Posted Nov 17, 2010 16:02 UTC (Wed) by jtc (guest, #6246) [Link]

"I actually find myself making more typing >erros< with them than with fixed-width."

Did you write this using a proportional font? :-)

FocusWriter is all writing, no distractions

Posted Nov 8, 2010 9:23 UTC (Mon) by loevborg (guest, #51779) [Link]

How I wish there was a Vim which, much like Emacs, worked with proportional fonts! Theoretically, gvim supports arbitrary fonts, but only fixed-width fonts look nice because each character still takes up the same screen space. The limitation is built into the editor. Vim supports block editing mode, which is of course impossible if columns don't line up exactly. Using a nice font like Microsoft's "Consola" certainly improves things, but its readability is still a far cry from a real proportional font (just imagine a web page or a book set in fixed-width type).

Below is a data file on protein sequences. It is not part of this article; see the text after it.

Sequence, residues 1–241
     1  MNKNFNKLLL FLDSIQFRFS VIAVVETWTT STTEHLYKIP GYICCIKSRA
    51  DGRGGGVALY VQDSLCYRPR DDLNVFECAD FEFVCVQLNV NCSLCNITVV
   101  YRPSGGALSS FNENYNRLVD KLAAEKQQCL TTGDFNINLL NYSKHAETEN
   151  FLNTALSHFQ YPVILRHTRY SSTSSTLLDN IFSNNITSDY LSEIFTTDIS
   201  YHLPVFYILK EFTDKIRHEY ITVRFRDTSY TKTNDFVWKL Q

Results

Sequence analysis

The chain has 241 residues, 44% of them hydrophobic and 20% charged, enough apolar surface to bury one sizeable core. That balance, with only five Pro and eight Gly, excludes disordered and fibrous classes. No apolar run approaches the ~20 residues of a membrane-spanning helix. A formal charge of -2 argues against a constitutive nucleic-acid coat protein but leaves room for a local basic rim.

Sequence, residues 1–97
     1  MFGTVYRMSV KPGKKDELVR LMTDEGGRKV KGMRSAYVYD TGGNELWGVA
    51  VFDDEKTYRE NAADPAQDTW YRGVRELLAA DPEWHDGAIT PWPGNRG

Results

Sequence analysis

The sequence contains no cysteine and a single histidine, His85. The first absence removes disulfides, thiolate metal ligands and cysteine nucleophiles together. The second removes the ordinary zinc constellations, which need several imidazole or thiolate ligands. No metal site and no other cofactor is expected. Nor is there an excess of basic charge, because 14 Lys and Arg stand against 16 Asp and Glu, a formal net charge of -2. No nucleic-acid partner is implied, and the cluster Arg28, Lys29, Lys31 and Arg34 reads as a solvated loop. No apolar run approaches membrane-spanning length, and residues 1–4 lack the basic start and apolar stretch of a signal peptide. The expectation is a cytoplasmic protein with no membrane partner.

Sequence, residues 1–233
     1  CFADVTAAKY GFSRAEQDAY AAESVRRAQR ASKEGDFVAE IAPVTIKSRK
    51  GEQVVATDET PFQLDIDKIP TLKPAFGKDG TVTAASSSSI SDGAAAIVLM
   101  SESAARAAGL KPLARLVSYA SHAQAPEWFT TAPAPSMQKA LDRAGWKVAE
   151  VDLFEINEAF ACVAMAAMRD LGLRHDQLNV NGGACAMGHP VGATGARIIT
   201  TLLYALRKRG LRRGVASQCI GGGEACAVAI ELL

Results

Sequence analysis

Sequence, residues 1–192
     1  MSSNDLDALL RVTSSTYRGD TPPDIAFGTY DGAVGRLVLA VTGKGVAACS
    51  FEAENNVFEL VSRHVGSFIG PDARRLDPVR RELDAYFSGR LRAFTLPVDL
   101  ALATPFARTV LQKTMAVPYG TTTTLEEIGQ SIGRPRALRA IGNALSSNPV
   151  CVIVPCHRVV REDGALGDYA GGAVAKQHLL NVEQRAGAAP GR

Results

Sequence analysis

FocusWriter is all writing, no distractions

Posted Nov 28, 2010 9:18 UTC (Sun) by jospoortvliet (subscriber, #33164) [Link]

maybe the VI editing mode in kate can be of assistance ;-)

It would of course make you less cool, using a GUI text editor (and it won't work on console-only systems) but at least many of the nice VI features are there...

FocusWriter is all writing, no distractions

Posted Jan 10, 2011 9:43 UTC (Mon) by loevborg (guest, #51779) [Link]

Kate's vi mode is actually very intersting, thanks. Using a GUI toolkit is really a necessity to have proportional fonts. For convenience of other readers, here's a link: http://kate-editor.org/kate-vi-mode/